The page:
So in future branding posts in this series, I will talk about some of the rest of the ways that you, as a writer, can make a lot more than $50,000 per year.

But all roads lead back to just keep writing and having fun. That really is the key.



  • Kerridwen Mangala McNamara

    That’s 20 major books in a particular genre, right? So non-fiction or mysteries don’t sell fantasy?

    Thanks in part to your 12- Month Great Publishing Challenge I’m approaching that 20 books in genre rapidly… Planning to focus on marketing (steps 5 and in) starting next year after I have that baseline (or close).

    But it’s overwhelming to look at all of that and how to do that as a single-person business. Until there’s income coming in, I have only so much that I can farm out…

    But I’m addicted to this blog… so I’ll be watching for ideas and how-tos!

    • dwsmith

      20 books in fiction genre does not matter for the most part.

      Yes, it is overwhelming, just as if you were in undergrad and wanted to be a lawyer. Takes years and time but you can get there with the right amount of focus.

  • Kristi N.

    So…is there a way to keep most of what I make? I mean, I don’t plan to do ads like what I see in the writing groups where most of what they take in is already spent to get to that level. It doesn’t do much good to get to $50K with 20 books if net is only $5K. My plan has been all along to not expect the $50K until I have well over 50 books wide. Kickstarter was down the list a bit as far as investments, with the Shopify store just underneath the “Get more books published” item on the list. Thanks for this blog series–it has me rethinking a bit of the strategic vision for the future, as well as the operational planning to get there.

    • dwsmith

      Paid promotion is often just a waste of time and money for books. Been that way for ever and ever. But people make money telling you otherwise and selling you magic beans…

      Promotion should bring you in money and cost nothing. Selling to a major short fiction magazine is fantastic promotion to focused genre readers and makes you money. Kickstarters make you money and help launch your books. Mailing lists after a time and growth make you money without cost. Shopify makes you money with only a small monthly installment. Promotion should not cost, just add to your cash. So yes, you keep it all.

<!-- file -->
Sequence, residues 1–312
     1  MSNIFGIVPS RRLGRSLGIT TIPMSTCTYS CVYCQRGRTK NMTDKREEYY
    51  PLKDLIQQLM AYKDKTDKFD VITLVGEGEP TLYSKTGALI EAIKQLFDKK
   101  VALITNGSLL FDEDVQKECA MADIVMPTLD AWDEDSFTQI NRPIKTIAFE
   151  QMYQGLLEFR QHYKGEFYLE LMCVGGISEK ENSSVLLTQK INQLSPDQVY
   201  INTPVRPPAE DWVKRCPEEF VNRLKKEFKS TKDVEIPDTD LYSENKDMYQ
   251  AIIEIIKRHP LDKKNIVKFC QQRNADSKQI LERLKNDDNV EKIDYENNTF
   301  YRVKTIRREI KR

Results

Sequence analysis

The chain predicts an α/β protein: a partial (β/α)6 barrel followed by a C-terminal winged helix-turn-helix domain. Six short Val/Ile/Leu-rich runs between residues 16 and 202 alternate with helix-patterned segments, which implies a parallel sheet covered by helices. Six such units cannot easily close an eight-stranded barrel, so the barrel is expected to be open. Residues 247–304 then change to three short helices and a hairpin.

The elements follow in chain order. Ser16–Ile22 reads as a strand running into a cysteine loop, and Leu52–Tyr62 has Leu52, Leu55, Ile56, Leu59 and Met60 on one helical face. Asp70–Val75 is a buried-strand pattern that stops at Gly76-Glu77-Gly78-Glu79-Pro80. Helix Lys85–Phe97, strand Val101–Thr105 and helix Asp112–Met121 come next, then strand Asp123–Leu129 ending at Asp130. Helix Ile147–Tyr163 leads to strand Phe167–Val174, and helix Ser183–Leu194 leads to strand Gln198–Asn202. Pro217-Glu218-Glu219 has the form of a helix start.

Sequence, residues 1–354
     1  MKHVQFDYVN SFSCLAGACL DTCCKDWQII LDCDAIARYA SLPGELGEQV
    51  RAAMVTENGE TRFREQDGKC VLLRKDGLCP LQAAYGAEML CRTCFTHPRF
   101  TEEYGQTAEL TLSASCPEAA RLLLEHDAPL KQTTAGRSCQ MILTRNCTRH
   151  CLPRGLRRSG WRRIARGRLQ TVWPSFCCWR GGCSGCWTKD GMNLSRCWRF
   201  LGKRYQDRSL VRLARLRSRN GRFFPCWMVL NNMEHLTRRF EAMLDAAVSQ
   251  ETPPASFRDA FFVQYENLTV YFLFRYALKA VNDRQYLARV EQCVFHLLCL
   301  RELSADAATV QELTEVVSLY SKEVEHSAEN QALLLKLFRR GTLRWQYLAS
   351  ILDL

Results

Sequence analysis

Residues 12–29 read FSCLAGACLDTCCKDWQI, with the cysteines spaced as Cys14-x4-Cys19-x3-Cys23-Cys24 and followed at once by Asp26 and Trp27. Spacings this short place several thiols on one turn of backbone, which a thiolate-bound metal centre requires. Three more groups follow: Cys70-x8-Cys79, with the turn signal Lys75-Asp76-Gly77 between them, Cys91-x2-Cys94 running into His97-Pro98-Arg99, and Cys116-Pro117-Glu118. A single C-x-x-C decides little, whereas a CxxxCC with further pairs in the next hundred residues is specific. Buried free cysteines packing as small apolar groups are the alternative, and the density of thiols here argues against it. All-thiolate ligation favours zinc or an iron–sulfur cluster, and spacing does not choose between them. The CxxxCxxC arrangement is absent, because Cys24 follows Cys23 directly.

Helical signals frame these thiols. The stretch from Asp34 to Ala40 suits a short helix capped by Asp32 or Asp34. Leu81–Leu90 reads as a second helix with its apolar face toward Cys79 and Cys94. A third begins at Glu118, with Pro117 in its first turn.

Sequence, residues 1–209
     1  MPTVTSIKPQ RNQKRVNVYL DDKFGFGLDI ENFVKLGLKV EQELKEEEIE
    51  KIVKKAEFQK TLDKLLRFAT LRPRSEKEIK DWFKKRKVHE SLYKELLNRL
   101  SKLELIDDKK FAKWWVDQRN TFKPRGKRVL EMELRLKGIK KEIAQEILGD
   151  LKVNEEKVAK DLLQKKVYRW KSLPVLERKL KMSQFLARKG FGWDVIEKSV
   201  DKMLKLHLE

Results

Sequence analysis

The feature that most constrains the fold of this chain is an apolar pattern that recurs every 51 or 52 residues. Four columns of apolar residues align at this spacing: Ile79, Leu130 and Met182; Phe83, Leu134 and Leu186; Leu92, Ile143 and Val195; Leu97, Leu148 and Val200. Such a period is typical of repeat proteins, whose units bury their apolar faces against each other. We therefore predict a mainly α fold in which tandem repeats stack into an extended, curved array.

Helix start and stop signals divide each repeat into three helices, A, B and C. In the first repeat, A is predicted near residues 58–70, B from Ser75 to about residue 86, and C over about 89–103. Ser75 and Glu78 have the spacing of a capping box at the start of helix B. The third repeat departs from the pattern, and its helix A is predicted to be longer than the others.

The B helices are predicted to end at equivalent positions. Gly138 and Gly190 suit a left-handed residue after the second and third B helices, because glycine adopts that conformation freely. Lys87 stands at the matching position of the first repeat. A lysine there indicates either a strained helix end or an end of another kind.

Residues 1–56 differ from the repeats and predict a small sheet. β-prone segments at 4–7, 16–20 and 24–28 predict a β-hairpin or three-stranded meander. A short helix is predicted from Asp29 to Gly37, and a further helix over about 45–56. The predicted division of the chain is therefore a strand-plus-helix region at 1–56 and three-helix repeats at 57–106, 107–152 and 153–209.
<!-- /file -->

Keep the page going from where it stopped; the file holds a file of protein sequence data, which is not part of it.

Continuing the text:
• T Thorn Coyle

    Solid advice!

    I see people with catalogs as large or larger than mine struggling to find readers, partially because they’re not doing the first few things on your list well, and other times? They haven’t figured out how quickly the industry changes. They’re stuck in ideas—or with covers—from 5 or 10 years ago.

    We need to keep studying, adapting, and experimenting. And we can’t just research from one source.

  • Chong Go

    This is a given, and probably falls under having basic to intermediate skills, (depth and openings,) but I would add, “Your sequels must thoroughly re-introduce the reader to the characters and world.” So many times I’ve found a first book that’s pretty good, but half the beginning for the sequel has apparently been left behind in the writer’s head. It’s just name tags doing things in a vague environment, often in response to events in the previous book. Sometimes I get the feeling that the author was so excited by the story that they just leapt forward with it, and forgot that the reader doesn’t have access to all the good stuff in their head, lol.

    • dwsmith

      Yup, a great way to kill a series. Also in discover, you don’t know if the reader is finding your fourth book and reading it first. If the writer does not do as you suggested, make in interesting to a first reader, the reader will never buy more books from you. By the way, every book in every one of my series stands alone. Just saying. (grin)

Leave a Reply

Your email address will not be published. Required fields are marked *